Special needs parenting is often unplanned and can sometimes feel challenging. Here are some resources that can help you with your special needs journey.
Whether you’re new to caring or have years of experience looking after a family or whānau member or someone close to you, this page will show you what support and services are available, how they might help you and how to get in touch with them.
Carers.net.nz also provides information on every step of your caring journey.
People from all walks of life and all kinds of backgrounds fall victim to online bullying and cybercrime, but studies have shown that those with an autism spectrum disorder (ASD) are more susceptible to online threats than others.
Netsafe.org.nz talks about using settings or apps that allow parents to control their child’s activity online.
Are you ok provides tips on how you can increase your child's privacy and safety when using the internet and phones.
Parenting through separation
Parenting Through Separation is a free information course for individual parents who have separated or who are contemplating separation. The course is funded by the Ministry of Justice, and is designed to help parents understand and manage the effects of separation on their children, and how to put their children’s needs first.
- Yes Disability provides direct services, information and referrals for disabled parents.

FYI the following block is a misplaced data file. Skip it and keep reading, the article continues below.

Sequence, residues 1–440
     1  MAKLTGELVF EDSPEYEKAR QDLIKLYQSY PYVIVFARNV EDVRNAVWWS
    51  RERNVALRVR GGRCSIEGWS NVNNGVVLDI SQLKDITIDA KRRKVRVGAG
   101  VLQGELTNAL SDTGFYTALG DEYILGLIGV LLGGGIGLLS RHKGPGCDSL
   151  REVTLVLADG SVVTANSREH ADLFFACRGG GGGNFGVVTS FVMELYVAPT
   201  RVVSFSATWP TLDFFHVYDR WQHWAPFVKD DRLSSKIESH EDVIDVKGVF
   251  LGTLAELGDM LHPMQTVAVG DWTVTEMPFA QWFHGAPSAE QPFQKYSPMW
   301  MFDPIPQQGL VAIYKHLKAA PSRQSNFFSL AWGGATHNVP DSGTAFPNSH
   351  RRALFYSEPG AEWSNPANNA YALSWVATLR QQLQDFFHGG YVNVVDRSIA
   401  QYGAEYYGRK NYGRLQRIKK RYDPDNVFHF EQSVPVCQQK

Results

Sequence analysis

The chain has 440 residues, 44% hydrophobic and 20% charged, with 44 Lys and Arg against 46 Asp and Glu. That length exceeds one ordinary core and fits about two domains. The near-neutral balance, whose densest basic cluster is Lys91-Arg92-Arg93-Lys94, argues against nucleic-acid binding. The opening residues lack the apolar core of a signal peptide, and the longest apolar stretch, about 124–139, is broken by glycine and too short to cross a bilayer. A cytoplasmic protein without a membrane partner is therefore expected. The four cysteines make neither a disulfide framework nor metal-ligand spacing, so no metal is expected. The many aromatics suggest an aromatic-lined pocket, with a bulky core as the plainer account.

- Family Planning has a range of resources that can guide parents, caregivers, family members, teachers and carers to give the young person in their lives the tools and information to navigate their sexual development.
- To Be Frank offers education sessions for disabled people that provide a safe space to ask vulnerable questions in a relaxed, non-judgmental setting.
- My Kind is an online dating platform for disabled people. The platform is researched and designed by Kiwis with disabilities and people working in not-for-profit organisations in the disability sector.
Planning for your disabled child's future
- Carematters.org offers advice and information about caring for a disabled family/whānau member as you get older.
- Guardianship may need to be considered in cases where the disabled person has limited decision-making capacity and requires someone to make decisions on their behalf such as health care, medical intervention, housing or access to services.
- Here's a kit we found from Carematters.org that talks about family trusts, property managers, welfare, guardianship.
- Improving Life Outcomes run a series of workshops to help parents support special needs children with their emotions, behaviours and their learning needs. Sessions are held at West Auckland.
- Disability Connect organises many types of workshops and seminars for people living with disabilities and their carers. Check their website regularly for events that could help you find solutions to on your parenting skills.